Looking at old family photos is interesting and the clothes can often lead you to wonder “what were they thinking?” This is particularly true of the duds from the ‘60s, ‘70s and ‘80s. From miniskirts to big hair, there were some memorable looks during those decades.
The ‘60s changed the focus of the fashion world. There was still haute couture for grown ups, but the Baby Boomers were coming of age and demanded their own share of attention. The iconic looks of the decade were made for the young women who could wear mini skirts that inched ever higher. Adult fashions followed suit but it took a daring woman over 30 (that was the generation gap age) to wear a truly short skirt. It helped if she had the chutzpa and the legs to carry it off.
Fashion no longer came from the top down, looks from Paris fashion houses translated for the mass market were not the mainstay of fashion industry they had once been. Trends came from the fringes of society and London’s Carnaby Street became a fashion mecca. Loosening of the fashion hierarchy led into the ‘70s with fashion becoming an expression of personal style. Hippies and disco dudes walked down the same city pavements for parts of that era. Both styles were pretty much youth oriented although there were older guys who sported long hippy hair – like college professors and activists.
Long hair was still worn in the ‘80s but it was styled for men and women. Big hair abounded for a portion of the population but there were a multitude of styles in both hair and clothes. Padded shoulders were in as were power suits and, for leisure wear, waist high jeans with tucked in tops. Fitness became a craze and women’s workout wear consisted of leotards, tights and leg warmers.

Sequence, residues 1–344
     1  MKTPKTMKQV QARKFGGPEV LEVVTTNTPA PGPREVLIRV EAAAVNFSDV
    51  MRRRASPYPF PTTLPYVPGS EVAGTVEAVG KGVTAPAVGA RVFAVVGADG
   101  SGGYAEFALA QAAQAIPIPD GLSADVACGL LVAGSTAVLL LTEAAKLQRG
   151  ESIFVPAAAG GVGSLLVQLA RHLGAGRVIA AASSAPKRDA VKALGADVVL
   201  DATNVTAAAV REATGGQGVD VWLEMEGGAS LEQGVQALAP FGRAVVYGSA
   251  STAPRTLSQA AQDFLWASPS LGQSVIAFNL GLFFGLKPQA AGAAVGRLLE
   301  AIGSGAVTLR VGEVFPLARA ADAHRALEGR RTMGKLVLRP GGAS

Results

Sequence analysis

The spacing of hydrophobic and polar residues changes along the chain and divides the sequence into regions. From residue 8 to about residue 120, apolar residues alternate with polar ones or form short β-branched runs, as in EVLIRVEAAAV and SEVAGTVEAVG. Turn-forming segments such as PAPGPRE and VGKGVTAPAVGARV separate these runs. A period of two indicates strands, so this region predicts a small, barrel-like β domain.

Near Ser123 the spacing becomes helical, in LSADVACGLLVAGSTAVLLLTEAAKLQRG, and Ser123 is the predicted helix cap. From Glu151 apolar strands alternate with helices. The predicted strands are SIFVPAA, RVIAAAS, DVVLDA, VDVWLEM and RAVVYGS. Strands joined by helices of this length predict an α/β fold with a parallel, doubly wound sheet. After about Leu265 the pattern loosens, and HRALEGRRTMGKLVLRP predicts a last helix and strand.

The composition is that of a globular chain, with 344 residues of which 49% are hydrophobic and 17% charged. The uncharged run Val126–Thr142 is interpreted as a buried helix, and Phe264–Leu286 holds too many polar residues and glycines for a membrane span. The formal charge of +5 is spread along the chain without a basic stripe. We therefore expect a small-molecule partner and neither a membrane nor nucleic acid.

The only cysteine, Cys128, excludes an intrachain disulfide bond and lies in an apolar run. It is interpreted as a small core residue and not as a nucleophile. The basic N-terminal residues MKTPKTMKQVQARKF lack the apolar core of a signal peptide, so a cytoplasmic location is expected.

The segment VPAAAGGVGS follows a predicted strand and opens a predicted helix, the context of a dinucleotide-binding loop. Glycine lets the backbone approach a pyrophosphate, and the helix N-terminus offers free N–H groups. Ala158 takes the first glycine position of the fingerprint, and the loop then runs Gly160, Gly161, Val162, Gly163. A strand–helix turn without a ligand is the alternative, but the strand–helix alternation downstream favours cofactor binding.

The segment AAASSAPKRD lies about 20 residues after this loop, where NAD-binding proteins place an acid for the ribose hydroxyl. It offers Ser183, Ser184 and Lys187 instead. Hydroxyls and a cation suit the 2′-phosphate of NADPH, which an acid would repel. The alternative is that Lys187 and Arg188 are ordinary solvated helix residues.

The trend towards casual clothing continued through the ‘80s and ‘90s and into the present. It was a look which was embraced by all ages and worn by most except on more formal occasions. Work dress codes became more relaxed as the decades passed. In the ‘60s and ‘70s women were required to wear skirts to work, eventually pant suits were allowed. Was that around the time when men no longer had to wear ties? Little by little the requirements relaxed into today’s business casual.
The whole attitude towards fashion became much more flexible. “The ‘flexibility’ of modern fashion and the disappearance of age-related dress codes were often mentioned as central to the widely perceived blurring of age boundaries.” * Which leads us to where we are today.
If you find yourself on a busy city sidewalk, take a look around and you will see people wearing a wide range of styles. Can you accurately guess their ages? There are few grey hairs to give you clues and their clothes are more likely to tell you about their ethnicity or style than their age. Isn’t it great?
Thane, Pat. A History of Old Age. Thames and Hudson Ltd, London, 2005 *p296